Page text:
John is an ancestor I feel was sent out to Van Diemens Land for a deserving reason. He didn’t just try to help feed or clothe his family in these trying times in England, but he and his friends decided to carnally assault a young woman – known as rape both then and now. He and two of his friends Joseph BARRAS and Samuel MYERS were given life for their crime even though it was John’s first conviction. They were tried at the York Assizes on 9 July 1846 and embarked on the ship Pestonjee Bomanjee (2) on 25 October 1846.
Whilst I was at the Public Record Office (PRO) in London during a vacation, I looked up the trial records of John and found some of his other friends had tried to help him before his trial date. A summary of what I found is here.
John was an iron moulder, 5 feet 6 and three-quarters, aged 19 with a fair complexion, oval head and visage, sandy hair but no whiskers, medium height forehead, brown eyebrows but hazel eyes and a large nose, mouth and chin. He had many marks on himself: boys/men blowing horn, birds and bush, ship and 2 fishes, bust of woman, sailor with flag etc.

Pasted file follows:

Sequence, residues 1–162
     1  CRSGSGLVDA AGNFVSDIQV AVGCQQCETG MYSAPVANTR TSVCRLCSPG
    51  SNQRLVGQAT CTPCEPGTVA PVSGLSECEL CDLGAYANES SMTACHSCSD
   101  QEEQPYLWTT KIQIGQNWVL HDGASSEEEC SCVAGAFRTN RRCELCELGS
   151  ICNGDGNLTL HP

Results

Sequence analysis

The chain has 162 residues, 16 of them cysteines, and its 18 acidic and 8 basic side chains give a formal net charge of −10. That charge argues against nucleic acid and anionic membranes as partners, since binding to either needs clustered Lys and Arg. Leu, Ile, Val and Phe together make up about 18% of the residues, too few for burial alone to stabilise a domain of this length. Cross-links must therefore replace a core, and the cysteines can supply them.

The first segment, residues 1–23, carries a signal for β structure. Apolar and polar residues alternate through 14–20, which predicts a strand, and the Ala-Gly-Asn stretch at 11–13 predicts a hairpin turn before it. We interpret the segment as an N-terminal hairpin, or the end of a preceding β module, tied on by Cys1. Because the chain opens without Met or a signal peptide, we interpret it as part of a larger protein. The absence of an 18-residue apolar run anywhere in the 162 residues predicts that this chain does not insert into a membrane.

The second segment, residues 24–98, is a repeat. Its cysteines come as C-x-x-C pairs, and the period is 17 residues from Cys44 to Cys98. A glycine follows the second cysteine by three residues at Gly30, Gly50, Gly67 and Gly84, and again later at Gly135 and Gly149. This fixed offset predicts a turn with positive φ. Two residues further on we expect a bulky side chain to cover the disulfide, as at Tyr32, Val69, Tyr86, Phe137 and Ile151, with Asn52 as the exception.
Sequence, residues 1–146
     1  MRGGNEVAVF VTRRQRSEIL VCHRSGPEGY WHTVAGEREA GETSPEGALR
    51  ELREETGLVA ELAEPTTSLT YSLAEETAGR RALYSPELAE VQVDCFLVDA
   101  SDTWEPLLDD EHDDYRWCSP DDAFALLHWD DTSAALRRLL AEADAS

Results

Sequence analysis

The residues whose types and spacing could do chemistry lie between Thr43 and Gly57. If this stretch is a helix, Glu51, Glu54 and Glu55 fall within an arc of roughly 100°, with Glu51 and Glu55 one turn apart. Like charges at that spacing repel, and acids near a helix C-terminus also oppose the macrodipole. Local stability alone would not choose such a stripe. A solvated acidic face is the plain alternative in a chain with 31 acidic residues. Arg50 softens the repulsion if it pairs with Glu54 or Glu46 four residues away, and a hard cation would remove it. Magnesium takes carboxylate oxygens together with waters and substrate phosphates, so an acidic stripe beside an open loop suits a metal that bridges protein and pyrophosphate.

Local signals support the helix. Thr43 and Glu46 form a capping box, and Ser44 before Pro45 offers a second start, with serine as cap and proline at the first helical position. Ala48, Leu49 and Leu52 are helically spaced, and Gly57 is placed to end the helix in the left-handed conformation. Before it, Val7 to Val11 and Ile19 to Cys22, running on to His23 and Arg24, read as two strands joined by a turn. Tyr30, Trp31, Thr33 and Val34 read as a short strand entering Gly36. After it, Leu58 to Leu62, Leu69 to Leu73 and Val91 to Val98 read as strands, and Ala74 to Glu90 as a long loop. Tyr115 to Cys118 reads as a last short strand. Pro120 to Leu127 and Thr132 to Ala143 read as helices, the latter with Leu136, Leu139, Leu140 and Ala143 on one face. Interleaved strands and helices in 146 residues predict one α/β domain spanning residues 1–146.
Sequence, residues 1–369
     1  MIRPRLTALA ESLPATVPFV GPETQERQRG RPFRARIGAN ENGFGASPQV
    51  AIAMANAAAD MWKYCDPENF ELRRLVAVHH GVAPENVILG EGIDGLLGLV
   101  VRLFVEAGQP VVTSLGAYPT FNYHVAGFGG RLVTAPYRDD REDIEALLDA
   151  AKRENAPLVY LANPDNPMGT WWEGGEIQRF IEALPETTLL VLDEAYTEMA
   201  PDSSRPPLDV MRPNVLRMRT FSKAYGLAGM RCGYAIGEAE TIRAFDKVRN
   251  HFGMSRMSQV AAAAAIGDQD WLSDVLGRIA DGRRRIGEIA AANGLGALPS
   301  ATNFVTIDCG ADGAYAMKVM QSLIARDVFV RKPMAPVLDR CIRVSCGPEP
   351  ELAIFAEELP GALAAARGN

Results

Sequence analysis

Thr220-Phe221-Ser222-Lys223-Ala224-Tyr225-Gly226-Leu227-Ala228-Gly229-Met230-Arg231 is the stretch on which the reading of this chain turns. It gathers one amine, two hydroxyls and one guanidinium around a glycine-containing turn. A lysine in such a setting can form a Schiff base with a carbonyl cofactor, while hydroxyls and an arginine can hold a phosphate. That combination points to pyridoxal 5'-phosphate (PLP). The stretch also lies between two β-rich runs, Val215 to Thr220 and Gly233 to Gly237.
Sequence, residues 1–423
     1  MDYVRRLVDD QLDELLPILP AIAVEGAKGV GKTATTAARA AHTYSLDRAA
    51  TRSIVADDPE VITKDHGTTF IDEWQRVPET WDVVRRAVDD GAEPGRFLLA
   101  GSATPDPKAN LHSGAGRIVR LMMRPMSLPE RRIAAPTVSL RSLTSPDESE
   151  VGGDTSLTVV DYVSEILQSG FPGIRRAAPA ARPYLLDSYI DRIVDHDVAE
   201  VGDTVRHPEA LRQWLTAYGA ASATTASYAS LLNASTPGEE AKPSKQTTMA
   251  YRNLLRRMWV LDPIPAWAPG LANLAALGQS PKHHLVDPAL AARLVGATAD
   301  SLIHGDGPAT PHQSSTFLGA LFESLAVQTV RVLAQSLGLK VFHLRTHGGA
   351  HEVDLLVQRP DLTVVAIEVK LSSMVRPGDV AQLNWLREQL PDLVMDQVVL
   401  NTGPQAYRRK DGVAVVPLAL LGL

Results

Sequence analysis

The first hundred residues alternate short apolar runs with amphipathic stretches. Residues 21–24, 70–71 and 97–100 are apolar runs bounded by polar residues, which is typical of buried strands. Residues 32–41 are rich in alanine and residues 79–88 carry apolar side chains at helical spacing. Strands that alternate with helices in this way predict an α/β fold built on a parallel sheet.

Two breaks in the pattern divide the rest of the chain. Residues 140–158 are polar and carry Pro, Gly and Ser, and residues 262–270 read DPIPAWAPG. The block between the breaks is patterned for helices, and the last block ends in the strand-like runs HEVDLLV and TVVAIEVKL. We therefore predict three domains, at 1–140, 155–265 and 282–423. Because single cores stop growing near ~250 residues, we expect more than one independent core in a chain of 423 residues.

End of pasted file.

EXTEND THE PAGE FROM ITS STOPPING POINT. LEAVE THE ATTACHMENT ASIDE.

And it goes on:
When he arrived in VDL on 17 February 1847, he was sent to Darlington which is on Maria Island. He was based here for two years, then six months with the Public Works Department and finally 12 months at the prisoner barracks. Whilst at Darlington he was insolent and given 10 days solitary confinement, was admonished for being idle and when he was caught fighting on the works he was given 14 days solitary. Remittance could be gained by doing extra work, so John was employed by John Swaine in Collins Street, Hobart, then Crosby and Robinson in Campbell Street and again with John Swaine. On 3 June 1851, he was admonished for being out after hours. He was given his ticket of leave on 8 August 1854, his marriage to Rebecca Jackson was approved on 20 September 1854 and on 16 August in 1855 he resisted a constable and was fined one pound. He was recommended for his conditional pardon on 11 September 1855 and given it on 22 July 1856.